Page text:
Op-Ed: GOP's labels stick poorly to Coleman
February 06, 2005
Cleveland Plain Dealer
by Sandy Theis
Bumper-sticker slogans don't apply to Columbus Mayor Michael Coleman, and that's the way he likes it.
The first Democrat to announce his candidacy for governor wants to keep abortion legal. So does one of the Republican contenders, Auditor Betty Montgomery.
Coleman opposes gay marriage but supports civil unions. So does Attorney General Jim Petro, another Republican running for governor, although Petro prefers the term "binding" unions.
Coleman supports the death penalty. All three Republican hopefuls - Petro, Montgomery and Secretary of State Ken Blackwell - support it, too. Coleman came out against a law that allows citizens to carry concealed weapons. Petro and Blackwell supported it, but Montgomery is on Coleman's side.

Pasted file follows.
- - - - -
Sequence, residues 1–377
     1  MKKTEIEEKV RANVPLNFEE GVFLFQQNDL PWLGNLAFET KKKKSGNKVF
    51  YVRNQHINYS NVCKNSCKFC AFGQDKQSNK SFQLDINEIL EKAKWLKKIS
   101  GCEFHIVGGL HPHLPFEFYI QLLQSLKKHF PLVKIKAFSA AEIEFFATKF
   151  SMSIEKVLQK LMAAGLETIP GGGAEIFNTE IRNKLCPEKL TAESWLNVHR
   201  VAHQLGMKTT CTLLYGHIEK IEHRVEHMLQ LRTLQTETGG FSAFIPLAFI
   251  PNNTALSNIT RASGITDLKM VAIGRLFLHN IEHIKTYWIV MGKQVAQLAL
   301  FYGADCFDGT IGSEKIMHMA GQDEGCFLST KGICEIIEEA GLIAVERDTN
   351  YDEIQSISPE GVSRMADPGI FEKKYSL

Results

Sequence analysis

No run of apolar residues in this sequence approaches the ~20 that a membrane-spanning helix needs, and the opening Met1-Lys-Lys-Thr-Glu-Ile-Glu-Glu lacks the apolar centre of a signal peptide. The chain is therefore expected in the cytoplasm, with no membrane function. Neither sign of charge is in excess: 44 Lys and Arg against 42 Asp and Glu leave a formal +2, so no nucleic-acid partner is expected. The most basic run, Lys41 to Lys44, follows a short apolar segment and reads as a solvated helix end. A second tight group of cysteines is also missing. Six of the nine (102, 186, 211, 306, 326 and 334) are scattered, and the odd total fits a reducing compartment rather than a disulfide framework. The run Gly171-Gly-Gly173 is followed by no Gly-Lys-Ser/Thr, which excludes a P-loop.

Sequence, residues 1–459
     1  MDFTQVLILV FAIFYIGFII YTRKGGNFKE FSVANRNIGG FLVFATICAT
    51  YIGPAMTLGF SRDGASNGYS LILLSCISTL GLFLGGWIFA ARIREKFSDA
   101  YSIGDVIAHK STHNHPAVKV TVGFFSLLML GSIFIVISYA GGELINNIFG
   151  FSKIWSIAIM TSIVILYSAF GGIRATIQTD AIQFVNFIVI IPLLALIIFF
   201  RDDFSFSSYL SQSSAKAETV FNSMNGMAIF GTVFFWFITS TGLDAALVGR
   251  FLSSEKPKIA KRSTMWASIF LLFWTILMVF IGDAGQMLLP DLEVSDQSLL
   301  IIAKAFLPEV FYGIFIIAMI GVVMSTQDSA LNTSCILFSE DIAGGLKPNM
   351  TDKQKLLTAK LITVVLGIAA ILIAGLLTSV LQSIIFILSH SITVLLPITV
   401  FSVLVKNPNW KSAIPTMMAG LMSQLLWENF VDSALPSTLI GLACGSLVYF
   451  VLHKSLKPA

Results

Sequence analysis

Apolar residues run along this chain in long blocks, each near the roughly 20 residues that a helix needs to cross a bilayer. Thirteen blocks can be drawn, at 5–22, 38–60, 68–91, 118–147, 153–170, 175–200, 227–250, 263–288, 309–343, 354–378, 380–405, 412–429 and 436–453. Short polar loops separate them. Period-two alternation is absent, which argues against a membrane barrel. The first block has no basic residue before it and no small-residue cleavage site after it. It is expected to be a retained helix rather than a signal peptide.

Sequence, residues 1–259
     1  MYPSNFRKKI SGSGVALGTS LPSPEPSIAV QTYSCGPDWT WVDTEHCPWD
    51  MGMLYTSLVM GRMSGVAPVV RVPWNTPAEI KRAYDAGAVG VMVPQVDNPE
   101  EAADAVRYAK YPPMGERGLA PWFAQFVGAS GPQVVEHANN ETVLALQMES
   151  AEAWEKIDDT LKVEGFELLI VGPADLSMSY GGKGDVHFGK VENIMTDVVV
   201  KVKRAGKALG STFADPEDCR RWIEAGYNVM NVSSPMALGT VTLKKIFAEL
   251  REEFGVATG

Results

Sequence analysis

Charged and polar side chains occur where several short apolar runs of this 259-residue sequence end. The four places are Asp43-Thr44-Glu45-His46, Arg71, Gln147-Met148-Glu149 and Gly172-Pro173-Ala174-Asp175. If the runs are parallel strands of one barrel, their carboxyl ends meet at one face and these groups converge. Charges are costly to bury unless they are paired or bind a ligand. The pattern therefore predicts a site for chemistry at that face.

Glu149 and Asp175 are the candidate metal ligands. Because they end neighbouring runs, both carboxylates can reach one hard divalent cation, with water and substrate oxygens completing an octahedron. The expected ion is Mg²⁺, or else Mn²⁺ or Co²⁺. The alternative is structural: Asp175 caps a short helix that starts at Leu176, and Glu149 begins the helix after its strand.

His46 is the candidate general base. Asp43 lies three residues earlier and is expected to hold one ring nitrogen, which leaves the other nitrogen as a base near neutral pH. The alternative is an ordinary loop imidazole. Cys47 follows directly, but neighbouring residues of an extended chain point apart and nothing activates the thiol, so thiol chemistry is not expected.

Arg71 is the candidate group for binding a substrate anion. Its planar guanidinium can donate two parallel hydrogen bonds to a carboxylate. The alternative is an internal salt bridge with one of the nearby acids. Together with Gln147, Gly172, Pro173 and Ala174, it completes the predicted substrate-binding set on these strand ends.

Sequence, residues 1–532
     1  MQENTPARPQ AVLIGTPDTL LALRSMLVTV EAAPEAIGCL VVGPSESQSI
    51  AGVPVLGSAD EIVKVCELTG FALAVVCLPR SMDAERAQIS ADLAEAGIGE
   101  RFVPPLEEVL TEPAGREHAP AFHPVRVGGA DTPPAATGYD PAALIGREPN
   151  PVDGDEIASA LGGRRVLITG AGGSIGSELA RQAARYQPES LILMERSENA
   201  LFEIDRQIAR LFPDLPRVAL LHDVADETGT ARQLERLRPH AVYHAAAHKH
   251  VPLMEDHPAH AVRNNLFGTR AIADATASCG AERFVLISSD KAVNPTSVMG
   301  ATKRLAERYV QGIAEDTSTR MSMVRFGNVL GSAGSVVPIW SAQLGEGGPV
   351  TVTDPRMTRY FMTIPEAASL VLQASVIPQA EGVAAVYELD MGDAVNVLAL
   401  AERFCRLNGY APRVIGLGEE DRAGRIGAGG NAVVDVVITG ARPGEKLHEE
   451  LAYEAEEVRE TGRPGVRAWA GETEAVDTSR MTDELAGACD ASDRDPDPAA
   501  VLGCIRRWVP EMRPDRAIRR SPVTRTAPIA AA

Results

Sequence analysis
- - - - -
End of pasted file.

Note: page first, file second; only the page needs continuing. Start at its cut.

On taxes, the last decade shows that everyone but Blackwell backed at least one tax hike. Coleman's: A $4-per-day rental-car tax that voters repealed. Petro and Montgomery's: A 20 percent state sales tax increase that voters rejected in 1998.
Just hours after Coleman announced he would run for governor next year, Ohio Republican Party Chairman Bob Bennett issued a statement that called Coleman's "political views on the death penalty, gay marriage, taxes and gun control . . . out of touch with mainstream Ohio."
Using Bennett's yardstick, the only one fit to lead is Blackwell.
Click here to read the entire op-ed in the Cleveland Plain Dealer.
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